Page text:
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  • Spurrier excited about SEC revival with Gamecocks

    Aug. 28, 2005
    By Dennis Dodd
    CBS SportsLine.com Senior Writer
    Tell Dennis your opinion!





    COLUMBIA, S.C. -- You really can't believe he's 60. On a random offseason weekday, Steve Spurrier is bounding around his office like a kid in Toys R Us.


    South Carolina fans hope Steve Spurrier can do for them what he did for Florida. (Getty Images)
    "Have you seen Cocky?" Spurrier says, flipping on the switch of a two-foot replica of the South Carolina mascot that begins dancing across a ledge.

    "I was lucky on the hair genes," he remarks after a reference to his perfectly coifed hair helmet that looks like it has been preserved since he won the Heisman in 1966 -- as a dashing senior.

    You simply can't believe he's 60. A doctor checked Spurrier's heart last year during his year off from football. It looked better than in 2003, his last year with the Washington Redskins. What was he doing different? Relaxing. Well, that and a new interest in the StairMaster.

    "It gets you huffin' and puffin'," says the smiling man who used to eat quarterbacks for lunch, even when they followed instructions.

    Lunch was served again in the spring. Spurrier, you see, reads everything. Not many people know that about him. Newspapers, TV, Internet. He likes to keep track of the condition of the program.

    After a scrimmage, quarterbacks Blake Mitchell and Antonio Heffner were asked how they thought they did. "Pretty good," they were basically quoted as saying.

    "You call that, 'pretty good?'" he shot back next time the three came together.

    Spurrier sat down his quarterbacks and showed them a film of Florida's 54-17 victory at South Carolina in 2001. Rex Grossman threw for 302 yards, three touchdowns and no interceptions. The Gators scored the last 44 points of the game.

    "It was a game we never punted," Spurrier said. "Now that's pretty good, not hitting one out of three. You guys have to understand what playing well means."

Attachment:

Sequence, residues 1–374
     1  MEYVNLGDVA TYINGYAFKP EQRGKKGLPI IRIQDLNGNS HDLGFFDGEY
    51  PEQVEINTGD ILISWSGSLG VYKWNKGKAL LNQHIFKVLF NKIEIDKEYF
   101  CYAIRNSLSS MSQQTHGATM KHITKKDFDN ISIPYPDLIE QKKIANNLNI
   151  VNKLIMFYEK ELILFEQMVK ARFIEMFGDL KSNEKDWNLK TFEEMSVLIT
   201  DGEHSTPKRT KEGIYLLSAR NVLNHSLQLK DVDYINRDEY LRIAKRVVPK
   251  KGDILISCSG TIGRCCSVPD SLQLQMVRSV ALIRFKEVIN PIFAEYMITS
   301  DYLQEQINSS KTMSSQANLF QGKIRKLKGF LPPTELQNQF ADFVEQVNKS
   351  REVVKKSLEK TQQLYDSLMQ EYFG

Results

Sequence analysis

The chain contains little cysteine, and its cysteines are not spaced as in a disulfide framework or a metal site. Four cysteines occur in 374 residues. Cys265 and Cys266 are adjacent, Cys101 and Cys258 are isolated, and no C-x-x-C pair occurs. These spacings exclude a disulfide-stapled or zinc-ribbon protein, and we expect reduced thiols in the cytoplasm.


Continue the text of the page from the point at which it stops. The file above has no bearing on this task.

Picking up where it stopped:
This is the Spur Dog in full. At an age when a lot of men are counting the days to retirement, Spurrier is counting the days toward the opener in his new job.

    "Sometimes as a young coach in your 30s, you're trying to act like you're 45," Spurrier said. "When you get to be above 60 or so, you want to act like you're 45. Health-wise I feel like I can do more than I did at 45. Hopefully my mind is still as good as it was then.

    "I think it is."


    Consider that a warning shot. The college football world is on the edge of its cleats, waiting for The Tao of Steve to return to the game. That opener against Central Florida is now three days away. National television is moving in. Fittingly, the alt-country band Big and Rich will be playing at the state fairgrounds across from the stadium.

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    If Big Kenny and John Rich don't play a certain song from their last CD, someone needs to get punched.

    "I'm having the time of my life, no worries on my mind.
    Everything's just fine, today is even better than yesterday.
    Everything is going my way, I'm living in the big time.

    Big Time at South Carolina has spawned both wild-eyed optimism and a souvenir industry that might show up as a line item in the state budget.

    Fans are gobbling up T-shirts that show a palmetto (state tree) wearing a visor. There is the obligatory "Got Spurrier?" plus "Cocked, Locked and Loaded." Florida's old Fun N Gun offense has been re-baptized "Cock N Fire."